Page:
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Christie, Julie (1941-)


Main image of Christie, Julie (1941-)

Arguably the most genuinely glamorous, and one of the most intelligent, of all British stars, Julie Christie brought a gust of new, sensual life into British cinema when she swung insouciantly down a drab northern street in John Schlesinger's Billy Liar (1963).

Trained for the stage at Central School, after an Indian childhood and English education, she first became known as the artificially created girl in TV's A for Andromeda (1961), before making her cinema debut in 1962 in two amusing, lightweight comedies directed by Ken Annakin, Crooks Anonymous and The Fast Lady.

Schlesinger cast her as the silly, superficial, morally threadbare Diana of Darling (1965), for which she won the Oscar, the British Academy Award and New York Critics' award, and which is now powerfully resonant of its period, and again as Thomas Hardy's wilful Bathsheba, in Far from the Madding Crowd (1967), with other 60s icons, Terence Stamp and Alan Bates. Her Lara intermittently illuminates David Lean's lumbering Dr Zhivago (UK/US, 1965) and the colour cameras adored her.

Notwithstanding her beauty, she continued to make the running as a serious actress in demanding films such as Joseph Losey's The Go-Between (1971), as the bored upper-class woman who ruins a boy's life by involving him in her sexual duplicities; Nicolas Roeg's Don't Look Now (UK/Italy, 1973), with its famously erotic love scenes between Christie and Donald Sutherland; and in three US films with Warren Beatty (with whom she was romantically linked): Robert Altman's McCabe and Mrs Miller (1971), as a tough Cockney madame out west, Shampoo (d. Hal Ashby, 1975) and Heaven Can Wait (d. Beatty, 1978).

She was greatly in demand, but became much more choosy about her roles as her own political awareness increased ("All you can do is make people more aware of the realities", she said in 1994). This means that some of her later films - Memoirs of a Survivor (d. David Gladwell, 1980) and the documentary The Animals Film (d. Victor Schonfeld, 1981), The Gold Diggers (1984), Sally Potter's feminist take on several Hollywood genres - were seen by comparatively few people.

However, the talent and the beauty remained undimmed in such British films as Return of the Soldier (d. Alan Bridges, 1982), Kenneth Branagh's Hamlet (UK/US, 1996) as Gertrude, and, in the US, Afterglow (d. Alan Rudolph, 1997), for which she was Oscar-nominated. In 1995, she returned to the stage in a revival of Harold Pinter's Old Times, to laudatory reviews.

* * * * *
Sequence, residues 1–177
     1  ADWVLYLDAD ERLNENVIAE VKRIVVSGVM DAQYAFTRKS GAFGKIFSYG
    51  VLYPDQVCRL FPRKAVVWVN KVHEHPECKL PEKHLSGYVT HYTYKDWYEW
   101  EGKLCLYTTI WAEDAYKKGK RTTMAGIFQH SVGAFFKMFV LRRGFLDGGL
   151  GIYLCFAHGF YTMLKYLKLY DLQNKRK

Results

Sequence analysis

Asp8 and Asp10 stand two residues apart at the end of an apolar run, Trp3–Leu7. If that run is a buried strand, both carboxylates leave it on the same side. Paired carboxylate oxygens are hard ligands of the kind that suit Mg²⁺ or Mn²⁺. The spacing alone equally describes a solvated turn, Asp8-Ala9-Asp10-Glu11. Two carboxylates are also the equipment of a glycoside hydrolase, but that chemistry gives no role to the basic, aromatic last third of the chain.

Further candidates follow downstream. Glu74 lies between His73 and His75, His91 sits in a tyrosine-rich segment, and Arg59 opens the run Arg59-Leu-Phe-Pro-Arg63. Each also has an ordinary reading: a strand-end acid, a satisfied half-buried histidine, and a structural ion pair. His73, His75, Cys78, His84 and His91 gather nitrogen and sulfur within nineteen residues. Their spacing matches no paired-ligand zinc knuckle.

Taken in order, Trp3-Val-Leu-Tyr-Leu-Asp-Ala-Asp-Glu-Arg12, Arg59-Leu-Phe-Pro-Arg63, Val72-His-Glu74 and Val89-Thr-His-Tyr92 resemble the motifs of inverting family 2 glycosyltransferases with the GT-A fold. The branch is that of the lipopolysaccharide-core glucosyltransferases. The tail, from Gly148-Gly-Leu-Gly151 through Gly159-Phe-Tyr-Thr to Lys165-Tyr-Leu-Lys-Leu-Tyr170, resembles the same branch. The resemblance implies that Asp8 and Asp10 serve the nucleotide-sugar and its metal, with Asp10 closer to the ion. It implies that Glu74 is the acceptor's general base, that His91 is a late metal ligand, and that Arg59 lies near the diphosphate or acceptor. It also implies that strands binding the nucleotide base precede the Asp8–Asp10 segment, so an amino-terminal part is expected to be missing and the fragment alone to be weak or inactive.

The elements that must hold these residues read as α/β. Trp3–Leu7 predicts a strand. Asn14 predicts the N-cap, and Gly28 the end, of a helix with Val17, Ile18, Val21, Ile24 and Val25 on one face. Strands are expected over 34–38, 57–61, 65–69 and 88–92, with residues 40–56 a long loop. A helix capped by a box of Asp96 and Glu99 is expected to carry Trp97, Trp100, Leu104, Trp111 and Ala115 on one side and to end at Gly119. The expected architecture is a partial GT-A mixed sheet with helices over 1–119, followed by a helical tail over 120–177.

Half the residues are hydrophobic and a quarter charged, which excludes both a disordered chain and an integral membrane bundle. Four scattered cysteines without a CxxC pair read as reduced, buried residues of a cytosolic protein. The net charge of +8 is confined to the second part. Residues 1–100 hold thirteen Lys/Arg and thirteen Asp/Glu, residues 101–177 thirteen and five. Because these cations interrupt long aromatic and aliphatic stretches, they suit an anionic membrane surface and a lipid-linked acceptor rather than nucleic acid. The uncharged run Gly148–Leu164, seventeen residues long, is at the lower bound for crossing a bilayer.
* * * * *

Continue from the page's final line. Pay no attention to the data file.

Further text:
Biography: Julie Christie by Michael Feeney Callan (1984).

Brian McFarlane, Encyclopedia of British Cinema

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Selected credits

Thumbnail image of Animals Film, The (1981)Animals Film, The (1981)

Controversial, often harrowing film about our exploitation of other species

Thumbnail image of Billy Liar (1963)Billy Liar (1963)

Kitchen-sink realism meets airy fantasy in this much-loved Sixties comedy

Thumbnail image of Darling (1965)Darling (1965)

Julie Christie gives an Oscar-winning performance as an amoral socialite

Thumbnail image of Doctor Zhivago (1965)Doctor Zhivago (1965)

David Lean's epic version of Boris Pasternak's novel

Thumbnail image of Don't Look Now (1973)Don't Look Now (1973)

Dazzling psychological thriller about grief and loss set in wintry Venice

Thumbnail image of Go-Between, The (1971)Go-Between, The (1971)

Acclaimed adaptation of L.P. Hartley's novel about a boy's loss of innocence

Thumbnail image of Gold Diggers, The (1983)Gold Diggers, The (1983)

Sally Potter's debut feature, a feminist reinterpretation of cinema history

Thumbnail image of Heat and Dust (1982)Heat and Dust (1982)

The lives of two English women in India separated by two generations

Thumbnail image of A For Andromeda (1961)A For Andromeda (1961)

BBC sci-fi series co-starring a young Julie Christie

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